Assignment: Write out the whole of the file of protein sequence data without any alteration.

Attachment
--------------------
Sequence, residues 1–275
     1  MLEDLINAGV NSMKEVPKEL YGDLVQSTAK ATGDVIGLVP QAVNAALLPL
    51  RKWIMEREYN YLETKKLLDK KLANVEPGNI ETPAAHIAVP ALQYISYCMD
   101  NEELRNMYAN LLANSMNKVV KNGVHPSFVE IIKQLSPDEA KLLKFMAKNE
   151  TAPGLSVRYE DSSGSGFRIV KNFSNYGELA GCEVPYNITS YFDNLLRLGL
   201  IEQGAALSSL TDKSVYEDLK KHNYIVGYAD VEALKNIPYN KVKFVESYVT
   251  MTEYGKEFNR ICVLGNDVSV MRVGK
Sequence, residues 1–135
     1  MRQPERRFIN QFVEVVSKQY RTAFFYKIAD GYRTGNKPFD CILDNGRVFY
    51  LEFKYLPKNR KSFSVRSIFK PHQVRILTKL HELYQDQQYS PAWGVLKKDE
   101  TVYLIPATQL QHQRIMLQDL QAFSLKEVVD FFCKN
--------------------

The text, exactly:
Sequence, residues 1–275
     1  MLEDLINAGV NSMKEVPKEL YGDLVQSTAK ATGDVIGLVP QAVNAALLPL
    51  RKWIMEREYN YLETKKLLDK KLANVEPGNI ETPAAHIAVP ALQYISYCMD
   101  NEELRNMYAN LLANSMNKVV KNGVHPSFVE IIKQLSPDEA KLLKFMAKNE
   151  TAPGLSVRYE DSSGSGFRIV KNFSNYGELA GCEVPYNITS YFDNLLRLGL
   201  IEQGAALSSL TDKSVYEDLK KHNYIVGYAD VEALKNIPYN KVKFVESYVT
   251  MTEYGKEFNR ICVLGNDVSV MRVGK
Sequence, residues 1–135
     1  MRQPERRFIN QFVEVVSKQY RTAFFYKIAD GYRTGNKPFD CILDNGRVFY
    51  LEFKYLPKNR KSFSVRSIFK PHQVRILTKL HELYQDQQYS PAWGVLKKDE
   101  TVYLIPATQL QHQRIMLQDL QAFSLKEVVD FFCKN